• After a homicide detective's family vanishes, she does everything she can to try and find them. She discovers that the answer is held by powerful beings she previously thought of as myth.
  • A young man wakes up in a white room moments after being murdered. He's told by a strange young girl that he's going to be brought back to life so he can tell everyone that the gods of MEBAR must be killed.  
  • A disenchanted young woman wants nothing more than to become a machinist and have people overlook that she's a water fey. But when a new world leader rises rapidly to power, threatening chaos all over Pan, she sets her mind to smuggle outcasts like herself to another world.
  • After centuries locked in stasis, a normally easy-going man discovers that the worlds he helped create are as corrupt as he feared they would become. He'll have to be more careful this time if he wants to overthrow the successors of those that imprisoned him. 
Not sure what the solution would be for a final, definitive log line. Maybe I need to pick one of the characters and combine that with the first half of the broad-strokes log long. Not sure, but I'll be working on it....

Tuesday, July 26, 2016

Ao Shun Basics

With the interest people have had in the Ao Shun since the PopSci article came out, I figured I should put together some stuff on here for people to look at.

For starters, I'll post the actual application I sent to the magazine (minus my messed-up math related to travel times, obviously...I'll put together an improved breakdown of how that would actually work in a future post):

 / Ao-Shun

Deep-space research vessel

Designed by Andy Wright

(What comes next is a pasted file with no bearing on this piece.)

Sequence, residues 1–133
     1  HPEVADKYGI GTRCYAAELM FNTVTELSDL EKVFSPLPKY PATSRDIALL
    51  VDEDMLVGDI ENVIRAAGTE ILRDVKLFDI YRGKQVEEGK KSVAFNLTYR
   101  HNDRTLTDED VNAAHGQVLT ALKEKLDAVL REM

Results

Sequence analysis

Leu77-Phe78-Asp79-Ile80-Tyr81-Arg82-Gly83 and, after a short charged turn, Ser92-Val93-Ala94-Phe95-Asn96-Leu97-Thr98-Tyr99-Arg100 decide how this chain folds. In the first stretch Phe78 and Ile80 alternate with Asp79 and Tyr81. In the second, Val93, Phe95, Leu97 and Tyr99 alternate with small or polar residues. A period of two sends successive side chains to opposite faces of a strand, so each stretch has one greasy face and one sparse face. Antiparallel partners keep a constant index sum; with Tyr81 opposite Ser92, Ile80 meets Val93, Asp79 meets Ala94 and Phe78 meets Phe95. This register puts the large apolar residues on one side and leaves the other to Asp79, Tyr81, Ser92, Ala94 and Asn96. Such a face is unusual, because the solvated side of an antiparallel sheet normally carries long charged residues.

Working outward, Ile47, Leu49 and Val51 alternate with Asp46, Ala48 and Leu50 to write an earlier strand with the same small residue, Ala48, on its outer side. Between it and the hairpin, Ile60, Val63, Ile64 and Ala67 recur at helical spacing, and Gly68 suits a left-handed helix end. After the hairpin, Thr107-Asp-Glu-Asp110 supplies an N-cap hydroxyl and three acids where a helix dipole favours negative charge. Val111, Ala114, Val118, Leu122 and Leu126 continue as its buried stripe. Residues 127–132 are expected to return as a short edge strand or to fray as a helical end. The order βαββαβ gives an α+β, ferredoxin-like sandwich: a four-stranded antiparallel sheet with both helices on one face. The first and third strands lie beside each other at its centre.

Designation:                            Ao Shun Deep-space research vehicle. 
Type:                                       Long-range, interstellar transport.
Crew Compliment:                  4 - 36
Duration:                                 Indefinite (limited food stores + supplies for self-sustainability)
Gross Tonnage:                       23,000 Metric Tons
Acceleration:                          10 m/s/s, ~ 1 gs
Length, Overall:                      1025 meters

Main Hull:                               275 meters (contains engine, reactor, fuel, etc).
Module A                                113m x 8.25m x 8.25m, 3 decks: living quarters, control facilities
Module B                                 113m x 8.25m x 8.25m, 3 decks: rec, labs, greenhouses, cargo
Bussard Collector:                   750 meter long, spiral field extender array. 

Bussard Collector:
The hydrogen collector is a 750-meter-long structure made up of electromagnets that extend a magnetic funnel about 10 kilometers out ahead of the ship. This invisible “funnel” gathers free-floating hydrogen from deep space and shunts it straight into the engine.

It’s constructed of a carbon fiber/carbon nanotube/titanium mesh.  It needs significant amounts of titanium in order to sustain the compression force exerted on it by the fusion rocket during the acceleration cycles.

Main Engine: